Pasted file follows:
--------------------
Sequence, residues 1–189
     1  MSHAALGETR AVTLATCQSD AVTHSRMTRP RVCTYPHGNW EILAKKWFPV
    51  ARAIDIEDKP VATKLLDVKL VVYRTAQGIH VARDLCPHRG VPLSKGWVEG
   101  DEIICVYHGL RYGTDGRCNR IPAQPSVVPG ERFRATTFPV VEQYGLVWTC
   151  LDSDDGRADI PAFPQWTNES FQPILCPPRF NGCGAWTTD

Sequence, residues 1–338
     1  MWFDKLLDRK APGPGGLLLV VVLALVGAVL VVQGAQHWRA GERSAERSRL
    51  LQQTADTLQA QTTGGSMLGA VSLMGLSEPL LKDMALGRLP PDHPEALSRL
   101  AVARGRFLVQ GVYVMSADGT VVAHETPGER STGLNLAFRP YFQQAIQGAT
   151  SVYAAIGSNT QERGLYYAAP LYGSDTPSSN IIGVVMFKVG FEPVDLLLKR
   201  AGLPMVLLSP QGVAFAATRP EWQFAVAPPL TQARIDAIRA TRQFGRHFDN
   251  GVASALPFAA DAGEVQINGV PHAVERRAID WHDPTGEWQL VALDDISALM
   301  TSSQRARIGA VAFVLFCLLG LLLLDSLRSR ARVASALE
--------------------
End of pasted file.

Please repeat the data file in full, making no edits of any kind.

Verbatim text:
Sequence, residues 1–189
     1  MSHAALGETR AVTLATCQSD AVTHSRMTRP RVCTYPHGNW EILAKKWFPV
    51  ARAIDIEDKP VATKLLDVKL VVYRTAQGIH VARDLCPHRG VPLSKGWVEG
   101  DEIICVYHGL RYGTDGRCNR IPAQPSVVPG ERFRATTFPV VEQYGLVWTC
   151  LDSDDGRADI PAFPQWTNES FQPILCPPRF NGCGAWTTD

Sequence, residues 1–338
     1  MWFDKLLDRK APGPGGLLLV VVLALVGAVL VVQGAQHWRA GERSAERSRL
    51  LQQTADTLQA QTTGGSMLGA VSLMGLSEPL LKDMALGRLP PDHPEALSRL
   101  AVARGRFLVQ GVYVMSADGT VVAHETPGER STGLNLAFRP YFQQAIQGAT
   151  SVYAAIGSNT QERGLYYAAP LYGSDTPSSN IIGVVMFKVG FEPVDLLLKR
   201  AGLPMVLLSP QGVAFAATRP EWQFAVAPPL TQARIDAIRA TRQFGRHFDN
   251  GVASALPFAA DAGEVQINGV PHAVERRAID WHDPTGEWQL VALDDISALM
   301  TSSQRARIGA VAFVLFCLLG LLLLDSLRSR ARVASALE